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Studies have indicated that almost 50 per cent of people who have been diagnosed with depression are also affected by anxiety disorder. Fortunately, these problems can be addressed either separately or together. However, you must be aware that depression and anxiety aren’t the same thing.
What types of depressive disorder are there?
Seasonal affective disorder (SAD)
SAD often strikes people during the winter months. A lack of sunlight, exercise and fresh air causes irritability and lethargy in people who suffer SAD.
As the name suggests, post-natal depression occurs in women who have recently given birth. The time of onset varies; it can occur as early as three months or as late as a year after delivery
What causes depression?
There are many causes of depression. It can be genetic, meaning the patient has a family history of depression. Personal traumas, such as a bereavement or a failed relationship, can also cause depression. Social isolation or loneliness can be a contributory factor.
What are the signs of depression?
Feeling lethargic, being socially withdrawn, or feeling sad all the time may all indicate that you are depressed.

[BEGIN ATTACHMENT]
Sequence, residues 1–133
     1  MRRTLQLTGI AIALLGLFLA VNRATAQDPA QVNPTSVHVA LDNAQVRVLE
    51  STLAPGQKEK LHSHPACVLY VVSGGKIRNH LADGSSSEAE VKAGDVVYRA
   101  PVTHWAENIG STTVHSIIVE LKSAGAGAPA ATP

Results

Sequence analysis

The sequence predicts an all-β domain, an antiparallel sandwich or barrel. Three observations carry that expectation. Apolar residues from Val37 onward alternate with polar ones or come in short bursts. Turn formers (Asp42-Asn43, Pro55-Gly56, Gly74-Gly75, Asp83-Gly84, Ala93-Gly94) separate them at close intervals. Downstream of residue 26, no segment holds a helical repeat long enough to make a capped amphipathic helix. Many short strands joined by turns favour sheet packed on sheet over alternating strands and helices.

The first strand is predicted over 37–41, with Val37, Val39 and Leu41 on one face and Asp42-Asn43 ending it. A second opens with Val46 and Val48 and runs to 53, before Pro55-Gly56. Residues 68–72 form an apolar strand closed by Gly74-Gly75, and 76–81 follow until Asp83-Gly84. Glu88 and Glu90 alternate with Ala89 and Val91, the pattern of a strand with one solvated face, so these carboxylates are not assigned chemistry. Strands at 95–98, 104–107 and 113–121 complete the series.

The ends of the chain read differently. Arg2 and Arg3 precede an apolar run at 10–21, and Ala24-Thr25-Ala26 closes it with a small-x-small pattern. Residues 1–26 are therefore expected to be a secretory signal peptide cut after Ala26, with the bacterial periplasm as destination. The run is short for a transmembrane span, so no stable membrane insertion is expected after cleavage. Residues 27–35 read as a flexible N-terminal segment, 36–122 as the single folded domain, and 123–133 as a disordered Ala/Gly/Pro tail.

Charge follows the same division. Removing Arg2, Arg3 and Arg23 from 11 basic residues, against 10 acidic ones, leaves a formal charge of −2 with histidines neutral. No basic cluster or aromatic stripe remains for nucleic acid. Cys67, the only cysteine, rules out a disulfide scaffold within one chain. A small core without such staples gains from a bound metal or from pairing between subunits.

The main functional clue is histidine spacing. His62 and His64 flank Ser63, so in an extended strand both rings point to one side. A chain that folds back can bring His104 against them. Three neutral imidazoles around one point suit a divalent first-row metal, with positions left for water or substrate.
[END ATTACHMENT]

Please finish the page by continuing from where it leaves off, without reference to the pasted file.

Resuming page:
Emotional symptoms of depression
The emotional symptoms of depression include the following:
- Not wanting to socialise
- A loss of interest in previously enjoyed hobbies
- Constant irritability or sadness
- Constant pessimism
- Feelings of inadequacy and self-loathing.
Physical symptoms of depression
Depression doesn’t just affect the mind; it also affects the body. Some of its physical effects include erratic sleep habits or insomnia, loss of appetite (or increased appetite with atypical depression), fatigue, muscle aches, headaches and back pain. It’s easy to dismiss these symptoms as stemming from another condition, but they are often due to depression.
The short-term and long-term effects of depression
In the short term, depression is likely to cause loss of appetite, weight loss, and other physical symptoms. If you develop insomnia or hypersomnia (sleeping too much), you will be fatigued and lethargic. In the long term, you can experience malnutrition from not eating enough or become obese from eating too much. You may also experience poorer short-term memory, and forget things more often than usual.